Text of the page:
CBS (HBO Max)
November 8, 1969
Episode 9 – “The Backstage Rage”
A puppy dog, a violin case, a bunch of cash equal “counterfeiters!”
Shaggy and Scoob are walking back toward the gang in the Mystery Machine after ordering a pizza and a vehicle passes with a violin case dropping out. Shaggy opens it and it contains a bunch of cash. He phones the gang from a pay phone booth (ahh, the good old days, before cell phones!) and Scoob guards the violin case. Scoob is distracted by a female puppy dog and the violin case is swiped.
Scooby explains to the gang how he was duped by the girl dog. They search the area and find a puppet control with Pietro’s Puppet inscribed on it. The mystery has them heading to the strand theater where they run into the doorman playing with a puppet. Turns out he is a hobbyist puppeteer.
They find a real $20 bill at the theater and decide to return to the theater to see if they can solve the mystery and figure out who is counterfeiting bills.
This episode starts out promising, with Shaggy and Scoob on a pizza mission, but kind of loses focus after that. It’s an odd story blend of puppets and a counterfeiting scheme that never really gets off the ground either with the jokes or the mystery. My least favorite episode of the first season so far. Rating this one as OK. Not recommended.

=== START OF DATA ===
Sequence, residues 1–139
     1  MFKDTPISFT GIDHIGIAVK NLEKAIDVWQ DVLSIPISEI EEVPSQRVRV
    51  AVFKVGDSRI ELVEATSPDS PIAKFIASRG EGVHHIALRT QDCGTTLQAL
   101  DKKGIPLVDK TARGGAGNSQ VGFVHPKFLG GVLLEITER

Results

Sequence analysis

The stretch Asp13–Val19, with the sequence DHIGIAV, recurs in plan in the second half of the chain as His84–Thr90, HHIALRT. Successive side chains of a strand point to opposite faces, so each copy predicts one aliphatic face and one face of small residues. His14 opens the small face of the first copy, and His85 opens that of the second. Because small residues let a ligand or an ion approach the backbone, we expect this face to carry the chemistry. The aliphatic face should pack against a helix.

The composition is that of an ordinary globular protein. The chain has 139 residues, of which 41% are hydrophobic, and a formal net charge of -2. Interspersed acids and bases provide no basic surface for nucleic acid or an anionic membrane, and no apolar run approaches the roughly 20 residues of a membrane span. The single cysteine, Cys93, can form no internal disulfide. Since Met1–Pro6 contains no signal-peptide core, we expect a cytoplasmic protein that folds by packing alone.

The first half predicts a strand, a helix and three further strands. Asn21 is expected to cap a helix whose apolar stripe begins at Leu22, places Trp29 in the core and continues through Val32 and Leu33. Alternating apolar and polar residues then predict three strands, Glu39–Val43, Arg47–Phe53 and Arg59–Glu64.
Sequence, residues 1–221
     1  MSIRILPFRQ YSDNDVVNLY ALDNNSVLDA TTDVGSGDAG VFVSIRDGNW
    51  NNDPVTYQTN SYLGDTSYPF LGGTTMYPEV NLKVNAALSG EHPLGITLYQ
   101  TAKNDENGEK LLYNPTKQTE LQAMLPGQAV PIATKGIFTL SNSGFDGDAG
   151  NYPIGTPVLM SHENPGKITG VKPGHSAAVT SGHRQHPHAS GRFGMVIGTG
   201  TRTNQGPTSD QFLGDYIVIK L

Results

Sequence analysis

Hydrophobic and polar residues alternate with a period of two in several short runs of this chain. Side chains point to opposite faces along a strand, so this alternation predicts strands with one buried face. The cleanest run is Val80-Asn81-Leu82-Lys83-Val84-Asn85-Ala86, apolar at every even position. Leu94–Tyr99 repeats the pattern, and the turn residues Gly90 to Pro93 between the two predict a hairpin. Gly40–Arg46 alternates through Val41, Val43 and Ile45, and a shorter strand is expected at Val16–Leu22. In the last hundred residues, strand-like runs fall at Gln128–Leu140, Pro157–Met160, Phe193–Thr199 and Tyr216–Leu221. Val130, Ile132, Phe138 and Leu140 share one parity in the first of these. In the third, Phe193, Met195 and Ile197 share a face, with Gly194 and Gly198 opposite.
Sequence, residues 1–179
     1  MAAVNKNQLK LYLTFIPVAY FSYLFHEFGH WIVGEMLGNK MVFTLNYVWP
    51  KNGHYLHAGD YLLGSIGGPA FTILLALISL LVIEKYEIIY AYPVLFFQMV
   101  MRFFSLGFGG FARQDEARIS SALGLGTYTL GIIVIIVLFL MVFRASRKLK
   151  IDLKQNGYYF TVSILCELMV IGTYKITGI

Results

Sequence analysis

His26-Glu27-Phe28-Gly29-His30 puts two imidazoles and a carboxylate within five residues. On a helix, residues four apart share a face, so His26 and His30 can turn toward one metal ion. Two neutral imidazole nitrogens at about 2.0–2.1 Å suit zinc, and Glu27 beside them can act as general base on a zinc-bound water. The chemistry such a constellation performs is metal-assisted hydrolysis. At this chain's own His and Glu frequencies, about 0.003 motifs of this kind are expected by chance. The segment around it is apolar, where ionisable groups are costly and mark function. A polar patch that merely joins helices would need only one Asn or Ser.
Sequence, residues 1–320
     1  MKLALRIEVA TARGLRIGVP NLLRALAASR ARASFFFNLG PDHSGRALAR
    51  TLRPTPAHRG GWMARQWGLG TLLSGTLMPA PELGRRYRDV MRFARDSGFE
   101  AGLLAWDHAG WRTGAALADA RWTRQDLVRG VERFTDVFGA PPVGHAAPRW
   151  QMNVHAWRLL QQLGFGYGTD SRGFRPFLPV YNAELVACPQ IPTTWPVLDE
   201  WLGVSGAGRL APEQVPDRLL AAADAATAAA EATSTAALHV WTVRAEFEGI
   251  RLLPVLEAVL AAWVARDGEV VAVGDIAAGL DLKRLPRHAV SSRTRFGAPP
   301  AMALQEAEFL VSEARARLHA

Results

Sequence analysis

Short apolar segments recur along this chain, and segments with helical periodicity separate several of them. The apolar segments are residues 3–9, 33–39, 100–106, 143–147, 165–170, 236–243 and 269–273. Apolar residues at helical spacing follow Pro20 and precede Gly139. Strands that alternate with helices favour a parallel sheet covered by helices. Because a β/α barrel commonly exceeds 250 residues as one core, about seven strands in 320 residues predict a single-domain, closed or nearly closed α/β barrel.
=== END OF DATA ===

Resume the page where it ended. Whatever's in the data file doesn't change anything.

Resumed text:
Overall episode rating: ⭐️⭐️½
Joe Ruby, co-creator of Scooby-Doo dies at 87
This past week Scooby Doo’s original co-creator passed away. Ruby was a Saturday morning cartoon innovator for more than 50 years.
Warner Bros. Animation and Blue Ribbon Content president Sam Register said in a statement, “Joe Ruby made Saturday mornings special for so many children, including myself. He was one of the most prolific creators in our industry who gifted us some of animation’s most treasured characters and it was a thrill to host him at our studio. Scooby-Doo has been a beloved companion on screens for more than 50 years, leaving an enduring legacy that has inspired and entertained generations. We at Warner Bros. Animation have the privilege and honor of carrying on that legacy and send our warmest thoughts to his loved ones.”Scooby-Doo Co-Creator Joe Ruby Dies at 87